Mr. Galley

Although much of the debate has rightly concentrated on the unscrupulous activities of a minority of doctors, does my right hon. Friend share my anxiety about the effect on pharmacists? Is he able to give us some assurances about compensation for stock losses?

Mr. Fowler

I am aware of my hon. Friend's interest in this matter. Pharmacists and their stocks will be considered in the statement. I understand, however, that many pharmacists broadly support the Government's action.

Mr. Meacher

As the Secretary of State's bungling of the issue has been so ham-fisted as to turn off the British Medical Association and the Government's standing medical advisory committee, will he now at least have the grace to recognise that a limited list is acceptable only if doctors agree that it covers the full range of clinical needs—

Mr. John Patten

What is Labour's policy?

Mr. Meacher

This is our policy. Does the right hon. Gentleman agree that the limited list is acceptable only if it includes generic substitutes whenever possible, if it applies in the private sector as well as in the NHS, if it is not implemented over-rigidly and if it is subject to regular review by a qualified, representative and independent body that represents all of the relevant interests? Does he or does he not accept those criteria?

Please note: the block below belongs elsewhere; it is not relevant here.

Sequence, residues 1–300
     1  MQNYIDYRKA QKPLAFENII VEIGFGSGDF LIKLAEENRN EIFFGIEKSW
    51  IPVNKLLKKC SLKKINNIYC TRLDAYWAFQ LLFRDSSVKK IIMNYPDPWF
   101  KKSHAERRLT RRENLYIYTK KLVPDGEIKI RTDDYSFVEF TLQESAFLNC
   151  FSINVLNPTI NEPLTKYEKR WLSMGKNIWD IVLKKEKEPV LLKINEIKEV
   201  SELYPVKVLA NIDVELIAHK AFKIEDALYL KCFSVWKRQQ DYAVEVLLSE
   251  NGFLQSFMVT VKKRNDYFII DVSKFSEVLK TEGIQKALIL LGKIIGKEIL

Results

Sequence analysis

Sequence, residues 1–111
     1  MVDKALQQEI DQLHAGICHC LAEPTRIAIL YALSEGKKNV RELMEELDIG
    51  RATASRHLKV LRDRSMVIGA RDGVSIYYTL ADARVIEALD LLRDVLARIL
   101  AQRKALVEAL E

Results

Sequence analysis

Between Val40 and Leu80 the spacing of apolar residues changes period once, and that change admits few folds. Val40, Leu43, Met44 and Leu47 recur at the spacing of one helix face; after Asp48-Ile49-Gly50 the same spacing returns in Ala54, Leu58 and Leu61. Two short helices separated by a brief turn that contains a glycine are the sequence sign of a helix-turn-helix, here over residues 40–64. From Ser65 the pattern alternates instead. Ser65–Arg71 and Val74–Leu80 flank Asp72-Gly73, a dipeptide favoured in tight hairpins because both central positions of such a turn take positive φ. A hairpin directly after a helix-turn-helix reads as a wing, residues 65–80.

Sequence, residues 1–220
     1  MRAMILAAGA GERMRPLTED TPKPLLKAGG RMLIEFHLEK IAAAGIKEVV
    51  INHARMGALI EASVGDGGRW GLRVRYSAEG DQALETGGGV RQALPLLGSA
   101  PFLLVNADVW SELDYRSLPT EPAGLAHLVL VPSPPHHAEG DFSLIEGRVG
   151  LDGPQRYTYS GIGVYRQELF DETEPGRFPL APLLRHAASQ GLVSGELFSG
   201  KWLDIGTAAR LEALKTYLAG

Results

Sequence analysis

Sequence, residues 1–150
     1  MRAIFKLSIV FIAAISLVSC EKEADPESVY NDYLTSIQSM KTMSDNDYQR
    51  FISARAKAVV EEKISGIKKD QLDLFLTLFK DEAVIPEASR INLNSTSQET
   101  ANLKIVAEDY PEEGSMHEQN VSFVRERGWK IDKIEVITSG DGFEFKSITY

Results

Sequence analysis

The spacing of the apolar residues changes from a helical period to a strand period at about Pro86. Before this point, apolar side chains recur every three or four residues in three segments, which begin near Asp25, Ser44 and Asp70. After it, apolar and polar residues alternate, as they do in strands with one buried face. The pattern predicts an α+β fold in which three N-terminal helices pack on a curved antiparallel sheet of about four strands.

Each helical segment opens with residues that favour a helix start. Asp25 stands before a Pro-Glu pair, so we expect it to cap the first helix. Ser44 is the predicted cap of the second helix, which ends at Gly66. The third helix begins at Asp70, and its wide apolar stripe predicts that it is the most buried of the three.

Mr. Fowler

No, I do not accept those criteria. First, because the Labour party's policy — [HON. MEMBERS: "What about the Government's policy?"] With respect, the hon. Member for Oldham, West (Mr. Meacher) asked me to comment on the policy that he has just put forward. That policy would do immense damage to the industry and would be opposed by the research-based industry. No Government want that. Secondly, if the hon. Gentleman believes so firmly in this policy why, when in government, did his party do absolutely nothing about the drugs bill? Thirdly, the hon. Gentleman is utterly inaccurate about the advisory committee. Three of the royal colleges support our policy. The Government are acting, and all the Opposition are good for is words and hot air.